Wednesday, May 29, 2024
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A loveable, loudmouth larrikin

Today’s Bird of the Day, the sulphur-crested cockatoo, was chosen by John Martin, Research Scientist, Animal Ecology Lab, Western Sydney University, based at the Taronga Institute of Science and Learning. He is also one of the authors of A Guide to the Creatures in Your Neighbourhood.

Martin said the cockatoo was a much-loved character across Australia.

“I and many others enjoy how cockies look at you, they observe you, and sometimes they decide that they want to get to know you better.

“Researching this species has provided me with a lot of joy, firstly because the birds are so interesting, intelligent, and social, and because so many people share my fascination with the loveable, loudmouth larrikin we call the sulphur-crested cockatoo.”

He admitted that cockatoos could also be a nuisance. “A great example is the unique behaviour of opening kerb-side garbage bins to scavenge a free feed: who doesn’t love a free feed!

“Of course, several pieces of day-old pizza isn’t my idea of a good feed.”

Martin said the bin-opening behaviour was spreading and he invited people to help map where it was and was not occurring as part of the 2022 survey for the Clever Cockie Project: https://tinyurl.com/y8a5xpl6.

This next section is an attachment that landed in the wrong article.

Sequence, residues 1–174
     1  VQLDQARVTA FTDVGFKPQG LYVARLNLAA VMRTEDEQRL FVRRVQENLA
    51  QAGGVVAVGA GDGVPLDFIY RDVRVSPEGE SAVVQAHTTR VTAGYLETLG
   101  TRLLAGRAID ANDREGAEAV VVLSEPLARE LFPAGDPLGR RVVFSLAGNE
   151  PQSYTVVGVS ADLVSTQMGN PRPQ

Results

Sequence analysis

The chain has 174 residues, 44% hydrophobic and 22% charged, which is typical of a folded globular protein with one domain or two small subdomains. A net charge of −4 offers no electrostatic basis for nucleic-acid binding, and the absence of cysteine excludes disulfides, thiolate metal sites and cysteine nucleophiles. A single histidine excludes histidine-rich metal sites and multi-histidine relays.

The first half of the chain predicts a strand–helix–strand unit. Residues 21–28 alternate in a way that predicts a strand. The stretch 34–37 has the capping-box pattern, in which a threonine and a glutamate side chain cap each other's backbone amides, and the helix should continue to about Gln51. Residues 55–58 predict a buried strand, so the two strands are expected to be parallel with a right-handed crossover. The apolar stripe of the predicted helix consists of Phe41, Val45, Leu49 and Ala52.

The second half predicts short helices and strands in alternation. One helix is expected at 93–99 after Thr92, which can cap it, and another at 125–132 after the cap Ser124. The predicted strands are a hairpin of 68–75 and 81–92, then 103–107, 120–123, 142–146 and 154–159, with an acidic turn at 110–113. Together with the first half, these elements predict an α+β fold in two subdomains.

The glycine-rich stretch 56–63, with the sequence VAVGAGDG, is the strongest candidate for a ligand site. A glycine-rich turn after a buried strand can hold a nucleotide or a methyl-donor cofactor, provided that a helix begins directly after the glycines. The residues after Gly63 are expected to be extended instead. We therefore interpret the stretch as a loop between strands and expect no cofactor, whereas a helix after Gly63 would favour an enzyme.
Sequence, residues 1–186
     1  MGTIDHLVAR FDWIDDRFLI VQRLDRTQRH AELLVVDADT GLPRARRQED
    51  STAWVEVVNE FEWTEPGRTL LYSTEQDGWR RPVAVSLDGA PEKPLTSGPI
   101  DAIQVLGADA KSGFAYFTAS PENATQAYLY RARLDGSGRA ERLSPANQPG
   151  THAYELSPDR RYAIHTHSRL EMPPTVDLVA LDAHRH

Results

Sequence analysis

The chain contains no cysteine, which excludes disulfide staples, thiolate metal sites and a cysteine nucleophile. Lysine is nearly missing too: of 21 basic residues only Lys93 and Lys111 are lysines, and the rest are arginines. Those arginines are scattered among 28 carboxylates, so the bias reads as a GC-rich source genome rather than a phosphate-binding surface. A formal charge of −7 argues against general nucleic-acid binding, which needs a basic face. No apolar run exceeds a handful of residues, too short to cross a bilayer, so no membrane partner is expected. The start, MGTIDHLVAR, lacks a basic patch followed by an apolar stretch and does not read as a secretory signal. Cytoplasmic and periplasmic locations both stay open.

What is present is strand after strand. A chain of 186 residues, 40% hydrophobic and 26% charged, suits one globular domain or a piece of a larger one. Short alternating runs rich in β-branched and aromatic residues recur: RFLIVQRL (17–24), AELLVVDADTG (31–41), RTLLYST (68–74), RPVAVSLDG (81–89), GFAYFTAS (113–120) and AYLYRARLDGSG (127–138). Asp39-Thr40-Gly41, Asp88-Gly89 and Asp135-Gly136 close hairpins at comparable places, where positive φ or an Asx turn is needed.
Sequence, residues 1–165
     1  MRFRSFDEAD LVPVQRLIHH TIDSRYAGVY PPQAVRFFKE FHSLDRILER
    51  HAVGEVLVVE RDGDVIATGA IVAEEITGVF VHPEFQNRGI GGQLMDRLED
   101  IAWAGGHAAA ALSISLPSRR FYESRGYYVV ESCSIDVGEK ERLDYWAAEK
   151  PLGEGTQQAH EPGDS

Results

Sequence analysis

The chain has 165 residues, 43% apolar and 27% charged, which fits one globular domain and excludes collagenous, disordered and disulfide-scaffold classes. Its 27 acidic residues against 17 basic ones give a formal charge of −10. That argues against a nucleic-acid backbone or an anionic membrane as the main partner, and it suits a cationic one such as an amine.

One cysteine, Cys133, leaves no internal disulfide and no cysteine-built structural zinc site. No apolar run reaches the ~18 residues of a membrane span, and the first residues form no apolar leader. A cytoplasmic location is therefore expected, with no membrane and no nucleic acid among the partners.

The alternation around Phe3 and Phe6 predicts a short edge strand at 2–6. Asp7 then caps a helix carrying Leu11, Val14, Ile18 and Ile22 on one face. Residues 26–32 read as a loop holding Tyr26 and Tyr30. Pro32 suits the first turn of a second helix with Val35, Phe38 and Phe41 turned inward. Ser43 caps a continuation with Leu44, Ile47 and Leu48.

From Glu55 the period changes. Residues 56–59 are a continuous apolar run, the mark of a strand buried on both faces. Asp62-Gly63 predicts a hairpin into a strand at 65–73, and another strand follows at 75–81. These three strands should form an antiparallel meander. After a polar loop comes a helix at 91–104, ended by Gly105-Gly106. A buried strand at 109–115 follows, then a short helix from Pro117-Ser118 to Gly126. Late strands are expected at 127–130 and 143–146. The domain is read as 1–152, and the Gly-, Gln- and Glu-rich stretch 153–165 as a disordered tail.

“This research has shown that cockies learn new behaviours through social learning; that is, copying other cockatoos: similar to how humans learn.”

John Martin says a fun and interesting way to to learn the names of some of the species you see is to read A Guide to the Creatures in Your Neighbourhood, which he co-authored.

Engaging with urban birds

Martin encouraged one and all to take the time to observe the birds in their backyard, park or wherever they found themselves (“like watching welcome swallows high above the action at the SCG while cheering the Swannies”).

He said slowing down and observing the bird species you see, their behaviours, and how they changed with the seasons was a great way to connect with nature.

“By connecting with nature we have a greater appreciation and awareness of the life around us. Spending time in nature, even looking out your window at plants, clouds, anything natural has been shown to be good for our wellbeing.”

He said there were many ways to engage with urban birds, from books to citizen science.

“A good start is to learn the names of some of the species you see.

“A fun and interesting way to do this is to read A Guide to the Creatures in Your Neighbourhood. This book stems from The Urban Field Naturalist Project, which encourages and guides you to write short nature stories about your observations and experiences.

“Bird identification books or apps are also useful. Birds can be overwhelming as there are over 900 bird species in Australia, so using an app can make this easier.

“Reporting the birds your observe to our Big City Birds research or similar citizen science projects such as Birds In Backyards or eBird are also great ways to connect with and learn about the birds you see.”

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Follow @southsydneyherald on Instagram to see our birds of the day and learn about protecting urban biodiversity.

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